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Vaginal Mesh Implants: Women Worldwide Claim Compensation For Pain and Complications

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Last month, a leading expert told Sky news that the vaginal mesh implant scandal could turn out to be a scandal bigger than Thalidomide[1].

Professor Carl Heneghan, who specialises in evidence-based medicine, stated that some of the devices used in vaginal-based procedures had not been clinically tested.  Furthermore, he was shocked by the number of women affected.

The transvaginal mesh scandal

The transvaginal mesh scandal has generated class action lawsuits in several countries, including America, Australia and the United Kingdom.

In the United States, more than 100,000 lawsuits have been filed, making it one of the largest mass torts in history.  Many claims have been settled, some for tens of millions of dollars.

In Australia, over 700 women launched a federal court class action against medical giant, Johnson & Johnson three months ago, alleging their lives were all but destroyed by flaws with the manufacturer's vaginal mesh implants.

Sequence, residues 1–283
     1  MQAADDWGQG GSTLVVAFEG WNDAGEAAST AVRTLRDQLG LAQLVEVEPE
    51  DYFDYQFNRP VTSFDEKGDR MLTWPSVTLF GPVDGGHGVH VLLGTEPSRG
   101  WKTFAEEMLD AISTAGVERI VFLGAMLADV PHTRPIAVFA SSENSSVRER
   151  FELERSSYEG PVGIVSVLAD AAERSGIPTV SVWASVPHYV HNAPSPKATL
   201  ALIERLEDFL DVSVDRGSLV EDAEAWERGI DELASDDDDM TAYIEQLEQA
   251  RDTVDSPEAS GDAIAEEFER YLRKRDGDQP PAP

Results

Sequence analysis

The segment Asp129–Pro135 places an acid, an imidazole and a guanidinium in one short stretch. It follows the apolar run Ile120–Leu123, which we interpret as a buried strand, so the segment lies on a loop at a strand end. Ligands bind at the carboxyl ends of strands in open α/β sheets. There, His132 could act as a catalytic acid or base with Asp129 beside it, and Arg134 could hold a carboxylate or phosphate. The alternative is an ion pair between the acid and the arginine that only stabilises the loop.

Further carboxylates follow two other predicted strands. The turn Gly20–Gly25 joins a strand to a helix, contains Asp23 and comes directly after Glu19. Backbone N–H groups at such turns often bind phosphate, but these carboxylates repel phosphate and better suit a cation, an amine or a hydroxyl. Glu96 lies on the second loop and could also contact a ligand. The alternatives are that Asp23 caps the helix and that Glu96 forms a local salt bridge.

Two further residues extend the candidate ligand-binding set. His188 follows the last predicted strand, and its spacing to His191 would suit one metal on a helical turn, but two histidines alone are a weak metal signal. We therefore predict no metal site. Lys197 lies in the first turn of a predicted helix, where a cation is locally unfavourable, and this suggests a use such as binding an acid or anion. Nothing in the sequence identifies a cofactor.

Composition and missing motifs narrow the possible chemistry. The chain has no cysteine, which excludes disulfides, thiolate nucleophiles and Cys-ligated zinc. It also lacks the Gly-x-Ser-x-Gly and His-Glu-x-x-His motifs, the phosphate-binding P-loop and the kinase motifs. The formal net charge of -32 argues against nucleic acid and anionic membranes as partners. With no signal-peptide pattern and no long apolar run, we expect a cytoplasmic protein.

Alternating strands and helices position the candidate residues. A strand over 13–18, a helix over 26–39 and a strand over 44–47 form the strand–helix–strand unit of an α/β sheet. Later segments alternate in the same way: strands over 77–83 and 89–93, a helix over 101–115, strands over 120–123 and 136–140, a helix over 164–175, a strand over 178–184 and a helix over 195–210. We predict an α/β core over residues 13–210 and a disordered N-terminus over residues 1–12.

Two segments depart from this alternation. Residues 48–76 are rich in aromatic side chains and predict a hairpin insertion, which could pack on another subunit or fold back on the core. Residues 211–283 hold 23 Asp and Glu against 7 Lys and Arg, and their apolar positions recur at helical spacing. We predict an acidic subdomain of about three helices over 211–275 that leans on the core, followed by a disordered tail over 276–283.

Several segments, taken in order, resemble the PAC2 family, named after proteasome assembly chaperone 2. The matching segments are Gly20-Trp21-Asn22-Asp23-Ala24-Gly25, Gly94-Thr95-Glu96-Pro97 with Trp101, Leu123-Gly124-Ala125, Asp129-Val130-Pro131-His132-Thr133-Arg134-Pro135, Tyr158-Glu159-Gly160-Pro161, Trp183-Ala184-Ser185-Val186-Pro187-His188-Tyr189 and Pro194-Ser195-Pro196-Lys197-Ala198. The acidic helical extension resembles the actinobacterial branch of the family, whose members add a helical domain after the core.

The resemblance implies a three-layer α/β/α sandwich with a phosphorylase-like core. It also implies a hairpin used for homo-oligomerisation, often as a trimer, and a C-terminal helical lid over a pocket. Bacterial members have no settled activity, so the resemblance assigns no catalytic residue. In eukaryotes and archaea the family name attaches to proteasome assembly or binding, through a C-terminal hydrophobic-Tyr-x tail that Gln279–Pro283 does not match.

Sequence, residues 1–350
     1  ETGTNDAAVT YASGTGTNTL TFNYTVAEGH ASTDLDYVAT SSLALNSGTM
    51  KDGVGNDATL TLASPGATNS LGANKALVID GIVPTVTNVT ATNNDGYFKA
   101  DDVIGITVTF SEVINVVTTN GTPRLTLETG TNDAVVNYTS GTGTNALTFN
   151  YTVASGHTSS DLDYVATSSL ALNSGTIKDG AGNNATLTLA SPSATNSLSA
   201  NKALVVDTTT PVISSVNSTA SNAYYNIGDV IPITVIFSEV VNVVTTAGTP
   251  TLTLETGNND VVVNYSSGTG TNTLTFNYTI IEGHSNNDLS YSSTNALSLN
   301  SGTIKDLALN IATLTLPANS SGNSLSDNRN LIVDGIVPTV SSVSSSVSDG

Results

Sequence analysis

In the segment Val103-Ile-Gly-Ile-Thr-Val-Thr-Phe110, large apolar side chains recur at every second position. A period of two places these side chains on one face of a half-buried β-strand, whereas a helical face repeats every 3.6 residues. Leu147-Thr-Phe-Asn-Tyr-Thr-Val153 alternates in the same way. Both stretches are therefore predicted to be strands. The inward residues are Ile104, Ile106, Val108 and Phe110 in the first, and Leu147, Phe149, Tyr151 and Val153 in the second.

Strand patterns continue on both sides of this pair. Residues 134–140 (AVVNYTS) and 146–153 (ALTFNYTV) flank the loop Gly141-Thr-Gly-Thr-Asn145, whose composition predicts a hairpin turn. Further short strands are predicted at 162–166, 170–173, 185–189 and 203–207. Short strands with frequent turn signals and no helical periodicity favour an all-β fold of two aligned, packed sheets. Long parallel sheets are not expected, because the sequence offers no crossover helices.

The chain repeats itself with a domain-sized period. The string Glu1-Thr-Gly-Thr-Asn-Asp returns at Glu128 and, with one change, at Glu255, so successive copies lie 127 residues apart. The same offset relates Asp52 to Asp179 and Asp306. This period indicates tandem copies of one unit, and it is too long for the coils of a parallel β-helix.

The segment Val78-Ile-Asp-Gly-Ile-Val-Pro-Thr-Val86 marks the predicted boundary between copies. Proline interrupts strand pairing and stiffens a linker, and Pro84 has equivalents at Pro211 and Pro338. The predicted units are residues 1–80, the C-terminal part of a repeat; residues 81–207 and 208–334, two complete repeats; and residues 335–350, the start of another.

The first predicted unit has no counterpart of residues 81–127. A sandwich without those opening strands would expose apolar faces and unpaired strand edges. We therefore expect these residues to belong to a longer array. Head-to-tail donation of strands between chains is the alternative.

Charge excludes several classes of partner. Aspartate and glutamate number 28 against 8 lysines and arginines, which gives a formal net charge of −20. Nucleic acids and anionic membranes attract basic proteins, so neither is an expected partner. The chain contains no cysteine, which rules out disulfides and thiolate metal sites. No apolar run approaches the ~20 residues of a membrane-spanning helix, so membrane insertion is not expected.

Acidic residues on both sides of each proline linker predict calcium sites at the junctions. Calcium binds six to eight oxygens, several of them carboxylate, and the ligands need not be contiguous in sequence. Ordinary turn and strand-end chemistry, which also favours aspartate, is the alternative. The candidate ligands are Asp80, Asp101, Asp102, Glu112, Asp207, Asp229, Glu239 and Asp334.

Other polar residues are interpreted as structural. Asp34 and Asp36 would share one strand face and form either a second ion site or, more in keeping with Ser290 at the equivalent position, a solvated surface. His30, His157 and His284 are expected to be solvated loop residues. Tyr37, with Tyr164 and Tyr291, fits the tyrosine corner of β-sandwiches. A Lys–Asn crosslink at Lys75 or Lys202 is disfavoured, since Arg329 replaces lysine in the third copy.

In the UK, over 300 women are currently taking action against Johnson & Johnson, who own the subsidiary company Ethicon who manufacture transvaginal mesh products.

Prior to this year, few members of the public had heard of vaginal mesh.  However, the coverage of the vaginal mesh scandal in the media, highlighting the dilemma of the thousands of women who have suffered complications linked to the device, has resulted in a heightened awareness of the issue.  This will come as a relief to many victims, who are fighting to claim compensation for the pain and suffering caused by vaginal mesh implants.

If you are one of the hundreds of women currently suffering from complications caused by a vaginal mesh implant, you may be entitled to claim compensation for your injuries and mental anguish.

What is vaginal mesh and why has it caused injuries to women?